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The Bigger CIS Picture

Data Mining and Warehousing: Many utilities have no ability to turn raw customer information into significant insights about their business.

Fortnightly Magazine - May 2005

That's where data mining and customer analytics come in.

Data-mining tools enable user-defined analysis of data based on a robust data warehousing framework that provides a single view of the customer by combining customer information, account management data, and information on installed services, meter reading, billing, payment, and collection.

What Is Data Mining?

Data mining provides tools and techniques that add intelligence to the data warehouse. It derives its name from the similarities between digging through and extracting meaning from information in a large database and mining a mountain for a vein of valuable ore. Both processes require either sifting through mountains of material, or intelligently probing it to find its hidden value.

Data-mining tools use pattern recognition technologies, along with statistical and mathematical techniques, to sift through warehoused information and unearth significant facts, hidden patterns, relationships, trends, exceptions, anomalies, and predictive information that otherwise might go unnoticed. These new analytical tools can answer important business questions that, until the advent of these tools, were too complex and time-consuming to consider, much less resolve.

Currently, data mining and the associated use of customer analytics and business intelligence software are more prevalent within the European utility industry than in North America because of the higher level of competition under way (and thus the more pressing need to fully understand customer buying and usage patterns). For example, to survive a price war, German power company Hamburgische Electricitats-Werke AG (HEW) implemented a data warehousing project followed by a data-mining project to analyze customer acquisitions and better position itself to compete.

At Electricité de France, the French national electric power company is using data mining to better understand and predict electric power load curves of individual customers, and to characterize records that fail consistency checking of the data warehouse. This makes it easier to produce accurate reports even when data is missing, through the use of statistical adjustment.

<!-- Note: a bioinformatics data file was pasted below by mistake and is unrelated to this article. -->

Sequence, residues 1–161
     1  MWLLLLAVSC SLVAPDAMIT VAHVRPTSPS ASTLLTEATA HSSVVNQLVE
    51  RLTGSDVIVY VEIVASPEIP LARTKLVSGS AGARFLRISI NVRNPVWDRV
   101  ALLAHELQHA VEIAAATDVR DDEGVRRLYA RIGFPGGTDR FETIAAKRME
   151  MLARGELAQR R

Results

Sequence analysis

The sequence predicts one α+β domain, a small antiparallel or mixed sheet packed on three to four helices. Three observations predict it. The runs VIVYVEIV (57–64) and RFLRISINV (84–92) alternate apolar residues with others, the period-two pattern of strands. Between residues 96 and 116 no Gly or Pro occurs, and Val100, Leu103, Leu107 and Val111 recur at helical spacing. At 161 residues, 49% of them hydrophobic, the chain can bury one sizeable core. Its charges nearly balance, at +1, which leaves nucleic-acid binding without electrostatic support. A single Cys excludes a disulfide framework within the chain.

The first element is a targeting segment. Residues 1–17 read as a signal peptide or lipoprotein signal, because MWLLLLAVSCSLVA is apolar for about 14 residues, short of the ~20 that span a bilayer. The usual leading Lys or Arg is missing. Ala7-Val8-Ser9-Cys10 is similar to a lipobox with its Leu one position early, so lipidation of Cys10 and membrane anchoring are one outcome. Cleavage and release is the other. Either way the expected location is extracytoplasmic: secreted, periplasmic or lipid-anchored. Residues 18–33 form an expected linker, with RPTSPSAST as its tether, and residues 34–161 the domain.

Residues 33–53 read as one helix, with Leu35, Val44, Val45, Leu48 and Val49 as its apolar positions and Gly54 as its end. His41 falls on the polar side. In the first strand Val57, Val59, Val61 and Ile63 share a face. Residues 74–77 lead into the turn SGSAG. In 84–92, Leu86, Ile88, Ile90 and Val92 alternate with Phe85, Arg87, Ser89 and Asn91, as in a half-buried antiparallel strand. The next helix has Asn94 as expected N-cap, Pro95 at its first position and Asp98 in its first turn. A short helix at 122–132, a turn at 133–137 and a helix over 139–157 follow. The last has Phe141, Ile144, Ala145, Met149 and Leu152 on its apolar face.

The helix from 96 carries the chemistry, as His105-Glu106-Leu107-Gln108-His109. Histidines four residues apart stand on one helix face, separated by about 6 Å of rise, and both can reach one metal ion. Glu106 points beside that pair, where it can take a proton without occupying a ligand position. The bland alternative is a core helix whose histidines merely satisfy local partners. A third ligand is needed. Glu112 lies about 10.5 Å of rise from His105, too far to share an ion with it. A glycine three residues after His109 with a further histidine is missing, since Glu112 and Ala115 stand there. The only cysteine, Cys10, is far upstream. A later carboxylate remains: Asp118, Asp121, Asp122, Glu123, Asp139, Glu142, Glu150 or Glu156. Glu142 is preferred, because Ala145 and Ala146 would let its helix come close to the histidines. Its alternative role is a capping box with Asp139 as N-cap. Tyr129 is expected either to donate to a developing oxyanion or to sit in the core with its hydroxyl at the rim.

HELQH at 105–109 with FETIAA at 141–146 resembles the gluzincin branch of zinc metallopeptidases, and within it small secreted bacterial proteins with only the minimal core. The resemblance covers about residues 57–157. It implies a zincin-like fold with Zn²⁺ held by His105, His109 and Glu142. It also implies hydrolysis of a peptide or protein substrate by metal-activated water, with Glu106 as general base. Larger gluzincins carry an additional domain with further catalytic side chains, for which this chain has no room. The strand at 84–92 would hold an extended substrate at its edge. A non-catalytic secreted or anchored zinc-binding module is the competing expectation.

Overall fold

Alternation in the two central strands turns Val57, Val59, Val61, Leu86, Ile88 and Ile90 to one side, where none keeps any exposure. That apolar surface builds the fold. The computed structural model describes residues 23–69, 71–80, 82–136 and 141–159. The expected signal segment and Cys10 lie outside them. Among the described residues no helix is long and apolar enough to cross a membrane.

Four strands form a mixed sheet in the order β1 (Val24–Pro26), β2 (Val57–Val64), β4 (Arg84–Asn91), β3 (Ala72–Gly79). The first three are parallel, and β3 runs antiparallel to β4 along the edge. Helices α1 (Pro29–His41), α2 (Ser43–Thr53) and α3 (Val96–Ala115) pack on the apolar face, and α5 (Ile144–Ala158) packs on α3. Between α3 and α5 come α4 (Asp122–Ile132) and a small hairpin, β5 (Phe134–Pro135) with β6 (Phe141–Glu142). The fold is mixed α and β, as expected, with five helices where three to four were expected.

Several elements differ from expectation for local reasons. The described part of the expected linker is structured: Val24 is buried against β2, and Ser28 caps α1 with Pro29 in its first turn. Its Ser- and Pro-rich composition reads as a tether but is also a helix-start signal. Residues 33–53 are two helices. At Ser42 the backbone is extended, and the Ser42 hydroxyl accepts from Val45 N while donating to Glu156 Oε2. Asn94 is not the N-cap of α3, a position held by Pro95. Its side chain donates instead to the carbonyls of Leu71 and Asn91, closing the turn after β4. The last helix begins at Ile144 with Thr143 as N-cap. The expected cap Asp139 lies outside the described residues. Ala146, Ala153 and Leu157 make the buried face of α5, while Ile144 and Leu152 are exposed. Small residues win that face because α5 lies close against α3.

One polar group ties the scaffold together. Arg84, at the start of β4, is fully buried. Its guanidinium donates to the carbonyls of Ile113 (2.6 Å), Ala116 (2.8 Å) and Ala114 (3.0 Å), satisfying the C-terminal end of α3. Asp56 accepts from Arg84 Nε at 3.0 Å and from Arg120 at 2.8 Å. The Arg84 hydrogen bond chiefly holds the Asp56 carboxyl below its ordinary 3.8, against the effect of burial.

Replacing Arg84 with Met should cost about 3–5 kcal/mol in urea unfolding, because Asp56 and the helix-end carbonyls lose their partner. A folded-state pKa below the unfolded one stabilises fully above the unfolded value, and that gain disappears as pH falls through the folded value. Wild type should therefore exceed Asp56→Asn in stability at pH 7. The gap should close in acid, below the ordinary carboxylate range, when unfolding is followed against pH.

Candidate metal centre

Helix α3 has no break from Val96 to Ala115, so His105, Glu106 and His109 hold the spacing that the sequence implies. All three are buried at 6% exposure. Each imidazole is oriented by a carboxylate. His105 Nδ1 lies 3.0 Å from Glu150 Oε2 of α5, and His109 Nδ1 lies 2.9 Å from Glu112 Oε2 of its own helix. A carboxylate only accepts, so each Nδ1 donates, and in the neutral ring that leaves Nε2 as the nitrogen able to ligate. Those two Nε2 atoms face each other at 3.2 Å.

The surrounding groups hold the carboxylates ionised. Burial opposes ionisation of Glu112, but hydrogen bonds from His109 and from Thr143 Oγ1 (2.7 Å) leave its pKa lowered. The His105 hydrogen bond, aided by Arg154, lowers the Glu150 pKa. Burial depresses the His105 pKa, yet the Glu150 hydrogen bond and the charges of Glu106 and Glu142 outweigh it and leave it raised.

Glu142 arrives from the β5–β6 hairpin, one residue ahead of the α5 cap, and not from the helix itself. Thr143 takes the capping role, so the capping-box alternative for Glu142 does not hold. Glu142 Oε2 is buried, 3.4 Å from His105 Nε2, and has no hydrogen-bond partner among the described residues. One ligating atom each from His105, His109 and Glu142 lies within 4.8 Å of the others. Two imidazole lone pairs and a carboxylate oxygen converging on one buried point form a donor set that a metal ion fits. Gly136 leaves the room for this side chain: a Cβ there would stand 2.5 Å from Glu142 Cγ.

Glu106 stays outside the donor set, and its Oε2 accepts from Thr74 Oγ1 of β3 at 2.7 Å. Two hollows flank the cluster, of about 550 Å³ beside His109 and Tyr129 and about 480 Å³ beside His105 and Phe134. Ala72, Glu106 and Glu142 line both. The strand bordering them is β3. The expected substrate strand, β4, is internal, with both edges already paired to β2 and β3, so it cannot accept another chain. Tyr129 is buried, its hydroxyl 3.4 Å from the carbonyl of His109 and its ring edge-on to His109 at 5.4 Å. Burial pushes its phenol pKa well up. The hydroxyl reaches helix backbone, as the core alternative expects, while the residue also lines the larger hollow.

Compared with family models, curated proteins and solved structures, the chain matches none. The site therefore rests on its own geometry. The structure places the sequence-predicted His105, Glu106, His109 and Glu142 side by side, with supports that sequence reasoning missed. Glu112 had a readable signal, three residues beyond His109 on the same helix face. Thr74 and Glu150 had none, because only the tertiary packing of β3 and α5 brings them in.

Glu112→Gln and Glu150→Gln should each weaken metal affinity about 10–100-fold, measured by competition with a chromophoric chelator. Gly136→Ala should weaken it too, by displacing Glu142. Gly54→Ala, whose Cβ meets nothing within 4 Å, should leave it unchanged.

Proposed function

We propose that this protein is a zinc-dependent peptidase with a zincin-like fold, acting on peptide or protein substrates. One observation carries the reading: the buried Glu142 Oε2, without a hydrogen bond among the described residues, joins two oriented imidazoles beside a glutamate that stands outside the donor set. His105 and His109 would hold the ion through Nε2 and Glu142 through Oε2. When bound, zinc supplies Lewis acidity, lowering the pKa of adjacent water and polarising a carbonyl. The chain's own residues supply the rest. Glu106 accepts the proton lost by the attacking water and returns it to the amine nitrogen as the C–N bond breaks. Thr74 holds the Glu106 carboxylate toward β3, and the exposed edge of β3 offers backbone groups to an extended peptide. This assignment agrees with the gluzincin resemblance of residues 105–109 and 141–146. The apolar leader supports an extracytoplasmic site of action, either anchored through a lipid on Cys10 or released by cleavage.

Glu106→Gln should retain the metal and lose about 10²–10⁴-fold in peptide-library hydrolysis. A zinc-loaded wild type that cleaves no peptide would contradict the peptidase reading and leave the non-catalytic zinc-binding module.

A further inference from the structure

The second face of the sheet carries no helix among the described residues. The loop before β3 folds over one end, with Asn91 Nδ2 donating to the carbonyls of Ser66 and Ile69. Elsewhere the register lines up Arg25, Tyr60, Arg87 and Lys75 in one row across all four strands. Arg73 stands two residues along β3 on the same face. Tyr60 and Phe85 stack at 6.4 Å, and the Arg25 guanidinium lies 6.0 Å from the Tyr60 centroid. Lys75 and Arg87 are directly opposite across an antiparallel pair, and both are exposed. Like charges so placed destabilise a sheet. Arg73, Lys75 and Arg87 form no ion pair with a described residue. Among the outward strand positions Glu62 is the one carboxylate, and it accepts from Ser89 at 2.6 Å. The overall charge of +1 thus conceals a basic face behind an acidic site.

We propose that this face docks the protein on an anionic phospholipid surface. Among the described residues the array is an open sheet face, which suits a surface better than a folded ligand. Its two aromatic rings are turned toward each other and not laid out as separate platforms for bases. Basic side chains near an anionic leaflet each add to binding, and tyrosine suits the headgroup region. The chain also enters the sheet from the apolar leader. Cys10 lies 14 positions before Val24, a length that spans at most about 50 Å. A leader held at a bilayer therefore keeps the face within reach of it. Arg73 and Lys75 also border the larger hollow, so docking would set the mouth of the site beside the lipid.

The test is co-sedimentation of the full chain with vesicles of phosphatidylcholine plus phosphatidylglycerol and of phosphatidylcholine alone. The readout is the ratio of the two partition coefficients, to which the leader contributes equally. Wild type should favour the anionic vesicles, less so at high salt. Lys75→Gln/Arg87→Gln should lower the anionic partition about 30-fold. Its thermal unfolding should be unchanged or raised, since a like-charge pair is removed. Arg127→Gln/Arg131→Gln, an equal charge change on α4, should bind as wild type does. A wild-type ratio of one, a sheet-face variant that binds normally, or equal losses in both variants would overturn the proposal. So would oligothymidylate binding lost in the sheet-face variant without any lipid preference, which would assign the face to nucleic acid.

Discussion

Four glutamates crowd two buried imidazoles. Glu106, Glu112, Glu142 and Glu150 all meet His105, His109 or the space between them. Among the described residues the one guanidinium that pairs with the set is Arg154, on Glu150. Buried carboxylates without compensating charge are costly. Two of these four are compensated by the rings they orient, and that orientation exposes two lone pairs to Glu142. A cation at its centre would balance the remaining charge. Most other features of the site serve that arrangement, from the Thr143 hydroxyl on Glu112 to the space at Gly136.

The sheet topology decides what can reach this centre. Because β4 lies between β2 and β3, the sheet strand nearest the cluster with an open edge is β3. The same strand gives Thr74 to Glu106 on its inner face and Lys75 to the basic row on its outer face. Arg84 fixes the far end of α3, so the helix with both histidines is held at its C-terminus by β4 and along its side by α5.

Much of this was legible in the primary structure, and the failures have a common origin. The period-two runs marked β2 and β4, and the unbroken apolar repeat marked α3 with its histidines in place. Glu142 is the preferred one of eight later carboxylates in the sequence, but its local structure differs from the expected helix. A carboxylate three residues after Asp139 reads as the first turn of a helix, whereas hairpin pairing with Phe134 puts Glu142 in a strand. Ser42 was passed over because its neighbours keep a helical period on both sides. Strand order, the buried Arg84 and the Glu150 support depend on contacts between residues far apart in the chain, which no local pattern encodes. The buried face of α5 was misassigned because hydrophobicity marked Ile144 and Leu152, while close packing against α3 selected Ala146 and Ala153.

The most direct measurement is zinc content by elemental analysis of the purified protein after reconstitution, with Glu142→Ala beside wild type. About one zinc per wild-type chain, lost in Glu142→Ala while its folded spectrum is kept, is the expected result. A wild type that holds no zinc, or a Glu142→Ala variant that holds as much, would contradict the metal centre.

Patterns That Lead to Better Decisions

Using data-mining tools, utilities also can analyze any correlations between customer profiles and payment histories. Analysis capabilities can enable users to query CIS data in an manner to identify patterns and analyze root causes for key issues like delinquency and slow payments, thereby increasing the potential for collection. Similarly, data-mining techniques have been used to develop systems that can detect fraudulent credit card transactions in near-real time.

Predictive models can take the uncertainty out of projecting timing and magnitude of utility consumption and thus facilitate and lower the risks of load forecasting, so that more accurate load information can be used to negotiate better rates. Many utilities that collect and maintain meter data reflecting actual energy usage for individual consumers to support accurate customer billing are installing advanced metering technology to enable time-of-use and real-time pricing rate programs. This data can be mined as a means to improve geographic load forecasting and subsequent targeting of energy efficiency and demand reduction programs, or it can be mined by utilities and state regulators to target specific regions or major customers (by class or individually). Data analysis could identify promising tradeoff opportunities to mitigate price